In addition, stereotypes can exert a direct influence on the stereotype holder. In particular, activation of a stereotype can cause people to act in a manner consistent with the stereotype Dijksterhuis and Bargh,regardless of whether they are members of the stereotyped group or not Wheeler and Petty, Older adults are repeatedly reminded of negative stereotypes associated with aging in a variety of settings, such as media advertising of products and services that focus on such aspects of aging as memory loss, frailty, incontinence, and loss of mobility.
Other examples include ageist views of older workers on the job and its harmful effects on employee satisfaction Gordon et al. In many settings, patronizing forms of communication are used with older adults despite the fact that it is viewed as debasing and disrespectful see Hummert, ; Kemper, ; Ryan, Meredith, and Shantz, As noted by Richeson and Shelton in this volumenegative stereotypes of age-related cognitive deficits are far more severe than the actual deficits.
Those stereotypes may inhibit older people from attempting and actively participating in new activities or exercising their full potential. A critical issue that emerges from these findings is the extent to which negative stereotypes affect the behavior of older adults in an everyday context.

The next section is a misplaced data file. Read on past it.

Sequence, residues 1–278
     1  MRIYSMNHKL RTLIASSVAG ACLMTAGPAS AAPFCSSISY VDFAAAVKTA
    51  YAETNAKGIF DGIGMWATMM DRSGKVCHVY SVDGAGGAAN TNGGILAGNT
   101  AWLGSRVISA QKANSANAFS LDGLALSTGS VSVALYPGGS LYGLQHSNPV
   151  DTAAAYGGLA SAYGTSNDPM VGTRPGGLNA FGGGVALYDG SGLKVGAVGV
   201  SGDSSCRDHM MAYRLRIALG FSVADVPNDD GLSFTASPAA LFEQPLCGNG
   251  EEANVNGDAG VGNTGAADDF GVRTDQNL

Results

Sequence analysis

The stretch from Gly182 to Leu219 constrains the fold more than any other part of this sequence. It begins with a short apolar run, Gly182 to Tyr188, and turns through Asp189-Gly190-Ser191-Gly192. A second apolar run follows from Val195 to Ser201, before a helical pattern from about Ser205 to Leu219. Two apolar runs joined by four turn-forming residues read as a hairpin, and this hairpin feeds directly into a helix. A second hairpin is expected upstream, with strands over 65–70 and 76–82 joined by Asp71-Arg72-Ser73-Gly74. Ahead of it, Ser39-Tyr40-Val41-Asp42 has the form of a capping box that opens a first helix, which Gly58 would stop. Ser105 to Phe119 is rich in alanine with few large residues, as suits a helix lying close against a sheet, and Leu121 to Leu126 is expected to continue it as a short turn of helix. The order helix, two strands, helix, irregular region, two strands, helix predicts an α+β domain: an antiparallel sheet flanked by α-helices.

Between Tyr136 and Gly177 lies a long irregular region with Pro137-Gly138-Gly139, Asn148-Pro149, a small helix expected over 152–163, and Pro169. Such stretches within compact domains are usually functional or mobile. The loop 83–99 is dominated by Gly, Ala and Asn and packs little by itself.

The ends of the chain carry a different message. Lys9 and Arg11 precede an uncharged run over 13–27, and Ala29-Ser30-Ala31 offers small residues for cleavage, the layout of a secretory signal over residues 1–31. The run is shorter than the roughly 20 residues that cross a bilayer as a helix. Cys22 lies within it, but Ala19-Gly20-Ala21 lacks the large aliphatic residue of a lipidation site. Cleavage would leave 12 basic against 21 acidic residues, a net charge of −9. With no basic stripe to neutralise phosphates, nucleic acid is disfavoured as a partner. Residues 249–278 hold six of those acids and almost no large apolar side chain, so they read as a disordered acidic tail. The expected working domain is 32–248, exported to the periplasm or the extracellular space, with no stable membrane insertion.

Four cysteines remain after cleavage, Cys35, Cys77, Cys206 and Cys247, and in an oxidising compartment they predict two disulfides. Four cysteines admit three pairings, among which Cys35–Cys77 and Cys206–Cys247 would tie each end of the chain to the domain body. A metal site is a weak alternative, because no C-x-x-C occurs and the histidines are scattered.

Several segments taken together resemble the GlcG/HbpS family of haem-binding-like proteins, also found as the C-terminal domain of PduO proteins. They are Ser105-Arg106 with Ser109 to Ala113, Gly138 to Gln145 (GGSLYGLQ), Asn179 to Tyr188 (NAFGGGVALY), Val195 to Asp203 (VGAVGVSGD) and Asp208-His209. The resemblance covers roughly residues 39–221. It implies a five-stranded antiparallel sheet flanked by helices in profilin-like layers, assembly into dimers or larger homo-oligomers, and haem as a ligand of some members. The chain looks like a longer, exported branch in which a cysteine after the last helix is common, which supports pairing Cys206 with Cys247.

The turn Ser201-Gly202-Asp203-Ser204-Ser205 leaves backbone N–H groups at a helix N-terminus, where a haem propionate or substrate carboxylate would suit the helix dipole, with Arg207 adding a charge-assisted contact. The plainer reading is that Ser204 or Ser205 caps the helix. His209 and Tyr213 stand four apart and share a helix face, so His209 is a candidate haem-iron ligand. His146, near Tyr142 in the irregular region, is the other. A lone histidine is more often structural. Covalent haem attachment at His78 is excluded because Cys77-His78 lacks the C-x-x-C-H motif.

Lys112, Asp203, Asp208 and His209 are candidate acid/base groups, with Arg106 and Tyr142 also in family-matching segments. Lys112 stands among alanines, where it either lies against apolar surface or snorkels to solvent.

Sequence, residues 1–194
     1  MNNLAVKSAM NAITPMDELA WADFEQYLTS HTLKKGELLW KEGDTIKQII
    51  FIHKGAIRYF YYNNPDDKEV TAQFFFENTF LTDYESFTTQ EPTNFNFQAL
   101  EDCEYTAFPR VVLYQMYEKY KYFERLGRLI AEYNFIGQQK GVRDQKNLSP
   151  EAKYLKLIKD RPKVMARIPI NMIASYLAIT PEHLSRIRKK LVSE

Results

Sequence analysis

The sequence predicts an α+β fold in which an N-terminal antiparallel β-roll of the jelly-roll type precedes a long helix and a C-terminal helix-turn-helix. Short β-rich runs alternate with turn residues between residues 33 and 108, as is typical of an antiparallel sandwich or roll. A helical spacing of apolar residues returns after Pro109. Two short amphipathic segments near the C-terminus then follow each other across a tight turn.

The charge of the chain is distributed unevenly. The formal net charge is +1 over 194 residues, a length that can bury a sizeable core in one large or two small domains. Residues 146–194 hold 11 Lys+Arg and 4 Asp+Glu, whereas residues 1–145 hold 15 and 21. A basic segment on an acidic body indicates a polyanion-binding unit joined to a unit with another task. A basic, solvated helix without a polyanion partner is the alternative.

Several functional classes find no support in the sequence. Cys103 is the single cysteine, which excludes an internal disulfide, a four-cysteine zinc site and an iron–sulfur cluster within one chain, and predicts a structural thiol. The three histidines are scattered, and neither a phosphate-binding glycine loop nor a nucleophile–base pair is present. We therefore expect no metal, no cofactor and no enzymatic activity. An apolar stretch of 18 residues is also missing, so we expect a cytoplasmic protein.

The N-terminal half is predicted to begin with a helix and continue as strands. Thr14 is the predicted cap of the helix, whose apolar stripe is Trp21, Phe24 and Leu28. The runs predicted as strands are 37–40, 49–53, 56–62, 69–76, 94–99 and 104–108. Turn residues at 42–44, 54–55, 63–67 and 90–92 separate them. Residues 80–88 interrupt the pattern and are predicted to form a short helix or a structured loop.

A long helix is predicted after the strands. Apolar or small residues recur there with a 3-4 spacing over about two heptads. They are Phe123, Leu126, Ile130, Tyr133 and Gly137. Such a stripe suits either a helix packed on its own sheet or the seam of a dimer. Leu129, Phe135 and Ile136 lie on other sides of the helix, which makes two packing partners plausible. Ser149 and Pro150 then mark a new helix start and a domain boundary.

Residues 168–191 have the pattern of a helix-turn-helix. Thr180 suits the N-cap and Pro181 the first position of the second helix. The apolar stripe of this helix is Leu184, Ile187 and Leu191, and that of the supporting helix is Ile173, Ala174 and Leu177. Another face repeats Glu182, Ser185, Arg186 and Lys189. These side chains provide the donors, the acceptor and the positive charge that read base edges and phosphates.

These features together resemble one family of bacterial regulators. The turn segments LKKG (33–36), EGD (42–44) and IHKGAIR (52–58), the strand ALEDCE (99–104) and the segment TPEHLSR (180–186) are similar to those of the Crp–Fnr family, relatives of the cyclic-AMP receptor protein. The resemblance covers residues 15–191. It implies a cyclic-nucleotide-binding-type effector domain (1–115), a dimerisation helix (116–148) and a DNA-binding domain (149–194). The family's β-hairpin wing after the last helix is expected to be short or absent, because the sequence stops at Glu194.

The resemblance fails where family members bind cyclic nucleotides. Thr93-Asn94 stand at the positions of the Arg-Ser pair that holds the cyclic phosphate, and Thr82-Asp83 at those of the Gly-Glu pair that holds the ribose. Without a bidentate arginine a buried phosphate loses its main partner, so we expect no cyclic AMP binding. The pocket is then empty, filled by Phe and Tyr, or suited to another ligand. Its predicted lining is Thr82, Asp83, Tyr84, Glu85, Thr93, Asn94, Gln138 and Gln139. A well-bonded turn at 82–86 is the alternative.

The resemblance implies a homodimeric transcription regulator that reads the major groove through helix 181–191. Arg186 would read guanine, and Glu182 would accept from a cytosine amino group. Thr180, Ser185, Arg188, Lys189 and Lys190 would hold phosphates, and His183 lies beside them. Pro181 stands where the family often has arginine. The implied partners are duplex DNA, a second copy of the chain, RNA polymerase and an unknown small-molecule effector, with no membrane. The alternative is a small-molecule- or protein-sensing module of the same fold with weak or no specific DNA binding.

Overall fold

Do older adults themselves overlook symptoms of disease because they view them as part of normal aging, when they should be taking these symptoms more seriously? Research should examine knowledge and individual choice on the part of older adults in making medical decisions see Chapter 4.
Fortunately, positive stereotypes and attitudes toward aging can also affect how older adults are treated. For example, Erber and Szuchman found that a forgetful older adult is seen as having more desirable traits than a forgetful young adult.
Thus, despite perceptions of declining memory capacity on the part of older adults, they can still be viewed as credible or desirable.Negative stereotyping wields a lingering impact on those who experience it, and in situations unrelated to the initial insult, a new study finds.
"Past studies have shown that people perform. Company Logo by Erin Volz The Negative effects of Stereotyping on Society What is Stereotyping? "A stereotype is a rigid, oversimplified, often exaggerated belief that is applied both to an entire social category of people and to each individual within it.
The devastating effect that negative stereotyping can have on people’s sense of themselves and their abilities has been known for decades now. While these stereotypes and ideal roles may seem innocent and harmless, they have a dramatic affect on the everyday lives of people.
From personality development to careers and education, gender roles have set boundaries that cause a negative effect on both genders. Since a young age, people are told what they should like, act like, and become based on the gender of their body.
These preset ideas start off by expecting young females to like pink or pastel colors and young males to like blue or darker colors.
A vast literature documents both positive and negative stereotyping about older people, but little is known about the effects of these stereotypes on their behavior, self-concept, and motivation.
Unlike stereotypes that have no basis in fact, aging stereotypes tend to hold a kernel of truth.